Badger is brought to safety uninjured after falling down lime kiln in Northumberland

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A badger who fell into a lime kiln in Northumberland was incredibly lucky to be spotted and escape serious injury, say the RSPCA officers who rescued her.

An eagle-eyed member of the public contacted the charity for help after spotting the stricken animal. She had tumbled about ten feet (three metres) into the kiln just outside the village of Shilbottle.

Due to the location and the nature of the rescue, two officers from the charity attended the scene and used a ladder to descend into the structure.

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The badger, who is believed to have been female, had started to dig herself a tunnel into the soil at the base of the kiln and would not have been that easy to spot, said animal rescue officer David Dawson.

A young badger. Picture by John Peters.A young badger. Picture by John Peters.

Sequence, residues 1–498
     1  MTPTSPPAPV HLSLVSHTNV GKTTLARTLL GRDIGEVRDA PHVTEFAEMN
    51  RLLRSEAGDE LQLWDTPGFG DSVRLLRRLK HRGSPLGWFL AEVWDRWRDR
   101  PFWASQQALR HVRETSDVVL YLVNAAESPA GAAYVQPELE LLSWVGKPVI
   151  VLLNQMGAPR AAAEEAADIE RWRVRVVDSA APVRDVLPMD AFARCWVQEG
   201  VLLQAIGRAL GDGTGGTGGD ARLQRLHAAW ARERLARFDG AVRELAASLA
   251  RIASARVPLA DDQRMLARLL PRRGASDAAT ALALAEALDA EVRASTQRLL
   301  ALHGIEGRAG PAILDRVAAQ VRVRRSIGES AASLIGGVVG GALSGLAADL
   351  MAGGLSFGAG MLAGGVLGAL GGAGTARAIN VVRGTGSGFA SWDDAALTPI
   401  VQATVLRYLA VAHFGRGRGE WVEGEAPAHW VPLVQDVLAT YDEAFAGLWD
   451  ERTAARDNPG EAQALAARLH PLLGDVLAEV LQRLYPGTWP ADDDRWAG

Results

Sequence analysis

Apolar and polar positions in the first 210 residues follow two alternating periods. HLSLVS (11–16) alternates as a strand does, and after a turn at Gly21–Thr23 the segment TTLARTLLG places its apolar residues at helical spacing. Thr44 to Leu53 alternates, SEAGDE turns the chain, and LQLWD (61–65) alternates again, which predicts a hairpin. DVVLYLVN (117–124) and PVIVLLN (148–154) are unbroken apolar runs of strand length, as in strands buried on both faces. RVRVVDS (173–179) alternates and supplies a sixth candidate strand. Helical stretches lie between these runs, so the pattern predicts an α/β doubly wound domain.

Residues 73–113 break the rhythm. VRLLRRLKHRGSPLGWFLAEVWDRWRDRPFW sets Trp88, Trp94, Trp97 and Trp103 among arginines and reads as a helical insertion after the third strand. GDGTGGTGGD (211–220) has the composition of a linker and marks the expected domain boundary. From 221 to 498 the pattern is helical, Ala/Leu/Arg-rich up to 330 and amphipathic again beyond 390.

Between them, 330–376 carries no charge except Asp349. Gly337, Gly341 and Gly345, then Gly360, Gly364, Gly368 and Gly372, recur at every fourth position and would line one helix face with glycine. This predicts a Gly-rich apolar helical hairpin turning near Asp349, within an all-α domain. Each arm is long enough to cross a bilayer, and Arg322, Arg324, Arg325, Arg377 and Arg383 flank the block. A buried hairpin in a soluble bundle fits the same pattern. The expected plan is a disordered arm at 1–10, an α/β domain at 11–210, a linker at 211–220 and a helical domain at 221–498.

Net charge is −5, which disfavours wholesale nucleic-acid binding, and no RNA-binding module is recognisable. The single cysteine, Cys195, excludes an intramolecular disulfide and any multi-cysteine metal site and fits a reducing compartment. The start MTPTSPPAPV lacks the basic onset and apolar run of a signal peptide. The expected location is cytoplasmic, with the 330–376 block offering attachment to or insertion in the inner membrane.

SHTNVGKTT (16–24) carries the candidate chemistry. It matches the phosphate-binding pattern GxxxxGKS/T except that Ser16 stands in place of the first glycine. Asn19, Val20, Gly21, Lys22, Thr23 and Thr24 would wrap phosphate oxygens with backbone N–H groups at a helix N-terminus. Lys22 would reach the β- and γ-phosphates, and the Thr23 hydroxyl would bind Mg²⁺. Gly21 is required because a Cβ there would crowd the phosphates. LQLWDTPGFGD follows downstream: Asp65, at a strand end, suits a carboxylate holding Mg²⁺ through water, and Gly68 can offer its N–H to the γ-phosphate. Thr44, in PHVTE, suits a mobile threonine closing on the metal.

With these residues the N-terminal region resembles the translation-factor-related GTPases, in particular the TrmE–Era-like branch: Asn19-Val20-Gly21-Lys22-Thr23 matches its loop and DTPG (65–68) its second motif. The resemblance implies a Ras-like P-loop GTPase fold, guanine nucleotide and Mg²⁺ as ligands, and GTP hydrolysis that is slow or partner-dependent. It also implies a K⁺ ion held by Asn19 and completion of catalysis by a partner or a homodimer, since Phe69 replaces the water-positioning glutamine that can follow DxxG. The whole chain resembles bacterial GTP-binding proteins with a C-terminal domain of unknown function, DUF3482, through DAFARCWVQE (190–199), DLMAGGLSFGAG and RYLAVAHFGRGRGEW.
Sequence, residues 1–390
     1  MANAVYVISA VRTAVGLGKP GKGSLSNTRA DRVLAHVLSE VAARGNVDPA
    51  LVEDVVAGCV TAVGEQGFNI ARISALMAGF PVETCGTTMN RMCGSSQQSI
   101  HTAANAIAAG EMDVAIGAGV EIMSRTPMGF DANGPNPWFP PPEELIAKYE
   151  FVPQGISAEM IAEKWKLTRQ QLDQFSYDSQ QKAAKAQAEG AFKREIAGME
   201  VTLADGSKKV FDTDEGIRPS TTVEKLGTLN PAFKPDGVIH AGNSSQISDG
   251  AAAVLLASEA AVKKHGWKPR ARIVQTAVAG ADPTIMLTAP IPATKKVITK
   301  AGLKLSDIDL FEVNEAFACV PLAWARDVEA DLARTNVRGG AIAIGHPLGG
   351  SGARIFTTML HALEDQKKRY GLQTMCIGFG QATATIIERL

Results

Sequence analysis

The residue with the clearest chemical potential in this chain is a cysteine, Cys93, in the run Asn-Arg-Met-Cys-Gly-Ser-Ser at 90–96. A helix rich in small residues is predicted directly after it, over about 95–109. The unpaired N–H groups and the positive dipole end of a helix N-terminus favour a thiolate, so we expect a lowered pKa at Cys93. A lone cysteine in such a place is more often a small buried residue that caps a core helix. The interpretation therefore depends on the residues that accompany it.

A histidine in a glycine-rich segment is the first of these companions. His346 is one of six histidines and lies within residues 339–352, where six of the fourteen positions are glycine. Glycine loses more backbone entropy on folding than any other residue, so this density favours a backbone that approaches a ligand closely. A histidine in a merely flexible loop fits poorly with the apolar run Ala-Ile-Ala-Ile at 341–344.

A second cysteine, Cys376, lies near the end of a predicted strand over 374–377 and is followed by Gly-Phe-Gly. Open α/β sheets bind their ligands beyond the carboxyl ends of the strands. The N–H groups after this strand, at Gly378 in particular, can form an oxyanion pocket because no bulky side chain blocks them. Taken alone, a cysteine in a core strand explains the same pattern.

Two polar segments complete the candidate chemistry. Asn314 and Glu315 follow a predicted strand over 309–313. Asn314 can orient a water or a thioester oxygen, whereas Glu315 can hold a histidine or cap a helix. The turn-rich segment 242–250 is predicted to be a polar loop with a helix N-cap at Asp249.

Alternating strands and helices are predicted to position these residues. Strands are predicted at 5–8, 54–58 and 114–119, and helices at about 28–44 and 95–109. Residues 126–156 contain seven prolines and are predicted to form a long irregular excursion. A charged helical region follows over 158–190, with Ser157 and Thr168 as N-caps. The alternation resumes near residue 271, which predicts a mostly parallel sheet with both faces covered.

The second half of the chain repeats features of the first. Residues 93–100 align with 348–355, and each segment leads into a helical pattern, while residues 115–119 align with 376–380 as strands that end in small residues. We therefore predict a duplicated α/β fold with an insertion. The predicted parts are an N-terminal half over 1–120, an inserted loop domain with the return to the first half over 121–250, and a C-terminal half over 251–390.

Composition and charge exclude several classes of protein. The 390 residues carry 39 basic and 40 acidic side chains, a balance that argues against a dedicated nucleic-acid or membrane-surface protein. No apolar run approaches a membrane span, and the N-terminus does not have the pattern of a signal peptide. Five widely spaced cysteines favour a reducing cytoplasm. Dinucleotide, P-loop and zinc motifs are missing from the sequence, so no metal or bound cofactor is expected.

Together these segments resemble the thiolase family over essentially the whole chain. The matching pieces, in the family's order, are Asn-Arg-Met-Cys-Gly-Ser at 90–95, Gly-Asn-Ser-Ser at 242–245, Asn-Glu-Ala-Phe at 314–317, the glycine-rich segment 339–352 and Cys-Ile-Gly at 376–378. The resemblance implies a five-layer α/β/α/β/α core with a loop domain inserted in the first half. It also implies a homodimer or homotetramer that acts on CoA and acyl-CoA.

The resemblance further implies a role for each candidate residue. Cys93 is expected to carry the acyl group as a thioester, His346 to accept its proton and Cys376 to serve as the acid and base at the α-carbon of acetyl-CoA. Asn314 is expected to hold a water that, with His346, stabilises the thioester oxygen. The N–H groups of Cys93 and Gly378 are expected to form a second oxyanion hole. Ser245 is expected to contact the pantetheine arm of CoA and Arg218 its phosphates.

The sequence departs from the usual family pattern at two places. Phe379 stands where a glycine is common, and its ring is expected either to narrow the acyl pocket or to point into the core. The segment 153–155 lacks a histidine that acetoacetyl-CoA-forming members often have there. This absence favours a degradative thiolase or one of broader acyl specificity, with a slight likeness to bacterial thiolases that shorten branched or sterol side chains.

A young badger. Picture by John Peters.

After putting a portable kennel against the side of the building, his colleague, inspector Lucy Green, carefully approached the mammal with a special grasper.

Thankfully, the badger made her job easy by running straight into the kennel, which was then secured and lifted out of the kiln by David.

He said: “She was reasonably camouflaged because she’d started to dig a tunnel into the soil and was only really partly visible. The man who saw her was likely to have been passing at the time, so she was very lucky to have been spotted and of course there’s no way of knowing how long she may have been trapped down there.

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“She literally seems to have walked into thin air and then fallen into the kiln. It’s quite a drop, so she was also fortunate not to have injured herself in the process and she certainly shot off down the hill and into the undergrowth fast enough as soon as we released her.

“I’d say it was one of the more unusual locations I’ve rescued a badger from and we’d like to thank the concerned and eagle-eyed member of the public who contacted us.

“It could easily have been a different outcome had she not been seen and we hope she avoids escapades like this in the future.”

If you encounter a wild animal you think needs help, call the RSPCA’s emergency line on 0300 1234 999 or go to